In a huge show of support for both the Bill of Rights, and for California gun owners, United States District Court Judge Roger T. Benitez found for the plaintiffs and granted summary judgment in the case of Duncan v. Becerra, which challenged California’s “high capacity” magazine ban.
The complete ruling as written by the judge is lengthy, and quite detailed. The judge does an excellent job of laying out his reasoning, and discusses other previous supreme court decisions that justify his finding. Rather than read the whole 86 page document, let me just offer the conclusion in it’s entirety.
Magazines holding more than 10 rounds are “arms.” California Penal Code Section 32310, as amended by Proposition 63, burdens the core of the Second Amendment by criminalizing the acquisition and possession of these magazines that are commonly held by law-abiding citizens for defense of self, home, and state. The regulation is neither presumptively legal nor longstanding. The statute hits at the center of the Second Amendment and its burden is severe. When the simple test of Heller is applied, a test that persons of common intelligence can understand, the statute fails and is an unconstitutional abridgment. It criminalizes the otherwise lawful acquisition and possession of common magazines holding more than 10 rounds – magazines that law-abiding responsible citizens would choose for self-defense at home. It also fails the strict scrutiny test because the statute is not narrowly tailored – it is not tailored at all. Even under the more forgiving test of intermediate scrutiny, the statute fails because it is not a reasonable fit. It is not a reasonable fit because, among other things, it prohibits law-abiding concealed carry weapon permit holders and law-abiding U.S Armed Forces veterans from acquiring magazines and instead forces them to dispossess themselves of lawfully-owned gun magazines that hold more than 10 rounds or suffer criminal penalties. Finally, subsections (c) and (d) of § 32310 impose an unconstitutional taking without compensation upon Plaintiffs and all those who lawfully possess magazines able to hold more than 10 rounds.
Accordingly, based upon the law and the evidence, upon which there is no genuine issue, and for the reasons stated in this opinion, Plaintiffs’ motion for summary judgment is granted. California Penal Code § 32310 is hereby declared to be unconstitutional in its entirety and shall be enjoined.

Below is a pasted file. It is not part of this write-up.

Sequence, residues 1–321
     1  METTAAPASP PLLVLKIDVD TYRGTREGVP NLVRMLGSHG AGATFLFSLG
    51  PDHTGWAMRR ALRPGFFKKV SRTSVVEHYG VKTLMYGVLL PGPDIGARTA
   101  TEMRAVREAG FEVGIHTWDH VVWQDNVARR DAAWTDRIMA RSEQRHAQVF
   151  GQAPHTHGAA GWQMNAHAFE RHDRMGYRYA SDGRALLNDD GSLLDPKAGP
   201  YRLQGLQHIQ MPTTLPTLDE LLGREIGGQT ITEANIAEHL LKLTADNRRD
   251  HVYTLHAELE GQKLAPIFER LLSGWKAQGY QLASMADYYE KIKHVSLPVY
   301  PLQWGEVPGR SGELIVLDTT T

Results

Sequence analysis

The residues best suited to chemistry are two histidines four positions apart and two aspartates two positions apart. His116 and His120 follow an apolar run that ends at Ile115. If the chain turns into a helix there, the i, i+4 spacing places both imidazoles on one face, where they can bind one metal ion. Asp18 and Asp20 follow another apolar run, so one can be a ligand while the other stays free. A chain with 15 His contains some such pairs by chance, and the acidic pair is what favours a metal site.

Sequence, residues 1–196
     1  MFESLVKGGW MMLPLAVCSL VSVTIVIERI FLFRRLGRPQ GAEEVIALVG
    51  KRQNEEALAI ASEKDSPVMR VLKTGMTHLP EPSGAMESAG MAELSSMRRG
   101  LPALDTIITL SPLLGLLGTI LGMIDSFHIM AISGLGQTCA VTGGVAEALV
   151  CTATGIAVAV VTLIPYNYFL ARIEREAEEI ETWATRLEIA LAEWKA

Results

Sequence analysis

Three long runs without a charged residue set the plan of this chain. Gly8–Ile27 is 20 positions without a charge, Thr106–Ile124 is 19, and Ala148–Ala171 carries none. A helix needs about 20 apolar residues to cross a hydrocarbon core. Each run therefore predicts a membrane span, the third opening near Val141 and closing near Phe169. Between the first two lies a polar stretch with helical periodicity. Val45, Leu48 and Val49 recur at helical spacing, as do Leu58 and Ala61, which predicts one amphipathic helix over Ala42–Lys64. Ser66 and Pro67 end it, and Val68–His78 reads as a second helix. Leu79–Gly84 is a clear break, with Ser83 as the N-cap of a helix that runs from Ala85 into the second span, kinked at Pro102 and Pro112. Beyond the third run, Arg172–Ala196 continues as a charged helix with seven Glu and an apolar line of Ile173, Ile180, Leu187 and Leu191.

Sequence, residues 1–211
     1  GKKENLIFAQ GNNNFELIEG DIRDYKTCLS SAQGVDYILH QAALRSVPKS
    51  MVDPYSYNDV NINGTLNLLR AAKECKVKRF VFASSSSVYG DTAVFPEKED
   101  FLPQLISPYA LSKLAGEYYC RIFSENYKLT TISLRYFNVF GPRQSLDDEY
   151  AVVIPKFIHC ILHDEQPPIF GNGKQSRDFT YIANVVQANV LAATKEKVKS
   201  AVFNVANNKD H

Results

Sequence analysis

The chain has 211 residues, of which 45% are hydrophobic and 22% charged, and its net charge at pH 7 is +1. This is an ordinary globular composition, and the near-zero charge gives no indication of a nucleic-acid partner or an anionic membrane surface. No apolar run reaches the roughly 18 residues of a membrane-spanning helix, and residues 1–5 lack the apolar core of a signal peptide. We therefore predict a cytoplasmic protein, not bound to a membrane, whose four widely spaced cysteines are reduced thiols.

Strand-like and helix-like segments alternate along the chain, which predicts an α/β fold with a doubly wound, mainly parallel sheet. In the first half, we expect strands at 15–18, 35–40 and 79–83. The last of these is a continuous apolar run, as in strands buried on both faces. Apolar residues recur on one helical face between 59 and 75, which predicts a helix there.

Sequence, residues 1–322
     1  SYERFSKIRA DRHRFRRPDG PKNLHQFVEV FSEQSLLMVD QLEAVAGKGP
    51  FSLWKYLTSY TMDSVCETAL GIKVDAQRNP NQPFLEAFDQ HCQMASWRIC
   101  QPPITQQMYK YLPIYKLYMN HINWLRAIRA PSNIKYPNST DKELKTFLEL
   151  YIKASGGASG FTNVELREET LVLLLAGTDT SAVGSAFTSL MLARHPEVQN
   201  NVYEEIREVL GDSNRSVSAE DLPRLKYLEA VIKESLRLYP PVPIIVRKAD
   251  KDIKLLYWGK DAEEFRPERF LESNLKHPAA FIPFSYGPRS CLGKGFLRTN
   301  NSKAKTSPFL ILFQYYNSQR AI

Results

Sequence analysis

As a recently retired career cop who spent his career applying case law to situations on a daily basis, I absolutely concur with the judge’s decision, but that does not take away from my surprise that it was reached. Sadly, the one thing that past court rulings on gun control laws in California has taught me is even if a law is blatantly unconstitutional, somehow California gets them pushed through. This ruling today is a huge step to correct those past mistakes.
As a California resident, one who is not personally affected by the ruling today as my LEO status rendered me immune from the law, I am not going to lie, I am ecstatic! This is a huge win for law abiding gun owners.
Before anyone runs out and orders a bunch of drum magazines, I feel I should point out that I am unclear as to whether or not this ruling will eliminate all of California’s magazine capacity regulations, or just the most recent iteration. In reading the ruling, it seems pretty clear to me that the intent would be to eliminate all regulation of magazine capacity limits, but we shall have to wait and see. Plus, we can pretty much assume that AG Becerra will be appealing this ruling. Even so, this is a huge step in the right direction.